Unless you are a disease-vector biologist studying in the field in West Africa, don’t attempt this explanation at home.
Brian Foy, a researcher from Colorado State University, spent several months in 2008 trapping mosquitoes in the remote town of Bandafassi, Senegal, as part of a study on malaria. He worked with his graduate student, Kevin Kobylinski, and both men got bitten a lot. (More on Time.com: Lovers Can’t Agree on Whether They Agreed to Monogamy)
About five days after the men came home in August 2008, they got sick. Both developed fatigue, rash, headaches, and painfully swollen joints. Foy also had pain when urinating and blood in his semen. A few days after that, it became clear that Foy’s wife, Joy Chilson Foy, a nurse at the Poudre Valley Hospital in Fort Collins, had caught whatever her husband had picked up. She had symptoms of malaise, chills, headache and sensitivity to light. Mysteriously, the couple’s four children remained healthy. Within about a week, most symptoms started receding in all three patients.
Exactly what happened when Foy and Kobylinski returned from Senegal on 24 August 2008 has remained a mystery for years. … The scientists suspected they were infected through one of their many mosquito bites but were stumped as to the pathogen. So were several laboratories, including the U.S. Centers for Disease Control and Prevention (CDC), whose lab for insect-borne diseases is in Fort Collins. Antibody tests on serum samples from the two scientists tested positive for dengue, a viral disease that might have explained the symptoms, but samples from Chilson Foy came back negative. “Eventually, the CDC said, ‘We think you had dengue, but we don’t know what your wife had,’” says Foy, who decided to keep samples from all three in the freezer.
A year later, over a couple of beers back in Senegal, Kobylinski described the mystery sickness to a colleague, who immediately hypothesized that it could be the Zika virus, an obscure illness that occurs in southeastern Senegal and is transmitted primarily through mosquitoes. Not much is known about it; it is rarely reported and often misdiagnosed as the more common dengue fever. (More on Time.com: NDM-1 Superbug Mutation Found in New Delhi Drinking Water)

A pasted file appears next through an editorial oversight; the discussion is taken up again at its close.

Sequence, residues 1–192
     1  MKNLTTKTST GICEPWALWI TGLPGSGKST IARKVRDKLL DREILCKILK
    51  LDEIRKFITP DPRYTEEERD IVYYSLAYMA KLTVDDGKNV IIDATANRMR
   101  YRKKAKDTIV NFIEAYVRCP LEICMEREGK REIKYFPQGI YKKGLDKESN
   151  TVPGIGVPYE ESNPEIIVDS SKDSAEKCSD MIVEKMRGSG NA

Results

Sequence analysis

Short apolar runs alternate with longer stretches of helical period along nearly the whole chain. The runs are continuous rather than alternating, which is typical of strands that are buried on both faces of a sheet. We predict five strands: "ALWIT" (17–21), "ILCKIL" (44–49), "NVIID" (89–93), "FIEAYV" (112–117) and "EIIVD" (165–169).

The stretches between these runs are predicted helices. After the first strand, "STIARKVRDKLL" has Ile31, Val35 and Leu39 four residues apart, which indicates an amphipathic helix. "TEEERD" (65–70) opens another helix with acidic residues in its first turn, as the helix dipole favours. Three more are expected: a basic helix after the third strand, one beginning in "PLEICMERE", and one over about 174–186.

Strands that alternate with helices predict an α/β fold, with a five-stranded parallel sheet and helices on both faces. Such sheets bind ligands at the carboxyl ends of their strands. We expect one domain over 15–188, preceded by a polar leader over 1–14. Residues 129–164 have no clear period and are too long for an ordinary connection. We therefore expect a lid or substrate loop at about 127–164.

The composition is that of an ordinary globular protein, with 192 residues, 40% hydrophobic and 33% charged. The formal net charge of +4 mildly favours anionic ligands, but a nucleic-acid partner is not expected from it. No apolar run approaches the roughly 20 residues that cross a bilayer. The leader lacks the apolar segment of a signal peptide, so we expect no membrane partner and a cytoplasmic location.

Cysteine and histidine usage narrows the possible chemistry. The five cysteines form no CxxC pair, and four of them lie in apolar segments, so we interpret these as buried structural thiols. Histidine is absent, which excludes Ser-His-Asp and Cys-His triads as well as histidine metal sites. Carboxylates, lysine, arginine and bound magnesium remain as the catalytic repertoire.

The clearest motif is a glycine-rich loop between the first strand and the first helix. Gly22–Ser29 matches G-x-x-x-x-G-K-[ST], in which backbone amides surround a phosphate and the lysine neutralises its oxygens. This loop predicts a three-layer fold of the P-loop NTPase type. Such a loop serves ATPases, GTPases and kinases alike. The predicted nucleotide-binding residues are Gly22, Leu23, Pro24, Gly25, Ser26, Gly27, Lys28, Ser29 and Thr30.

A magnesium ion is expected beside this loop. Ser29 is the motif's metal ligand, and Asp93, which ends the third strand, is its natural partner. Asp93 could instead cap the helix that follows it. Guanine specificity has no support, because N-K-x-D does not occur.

After returning home in December 2009, Kobylinski told Foy about Zika, and the scientists had all their samples re-tested. They had a winner: antibodies to the Zika virus showed up in all three samples (the reason the researchers’ samples initially appeared to show antibodies to dengue is because they had been vaccinated for the yellow fever virus, which is closely related to dengue).
There were only 14 Zika cases reported in the medical literature until 2007, when an outbreak on the Micronesian island of Yap affected 73% of the population, largely those between 30 and 59, and sickened 50% more women than men — a ratio that hinted at the virus’ sexual transmissibility. With most sexually transmitted infections, vaginal intercourse poses a higher risk of infection for women than for men. (More on Time.com: Study: Women With Circumcised Partners May Have Lower HPV Risk)
Foy wrote his case study [PDF] himself — which was published in this month’s issue of Emerging Infectious Diseases — referring to himself as “Patient 1,” Kobylinski as “Patient 2,” and his wife as “Patient 3.” Reported ScienceNOW:
There is no direct evidence that Foy’s wife was infected through sexual contact, but the circumstantial evidence is strong. It’s very unlikely that she was infected by a bite by a mosquito that first bit her husband; the three tropical Aedes mosquito species known to transmit Zika don’t live in northern Colorado, and moreover, the virus has to complete a two-week life cycle within the insect before it can infect the next human; Foy’s wife fell ill just nine days after his return. And yes, as the paper puts it, “patients 1 and 3 reported having vaginal sexual intercourse in the days after patient 1 returned home but before the onset of his clinical illness.” (“My wife wasn’t happy with what happened afterwards,” Foy adds.)
If so, Foy’s case could be the first documented sexual transmission of an insect-borne disease. Hopefully his wife thinks it was worth it for the sake of science.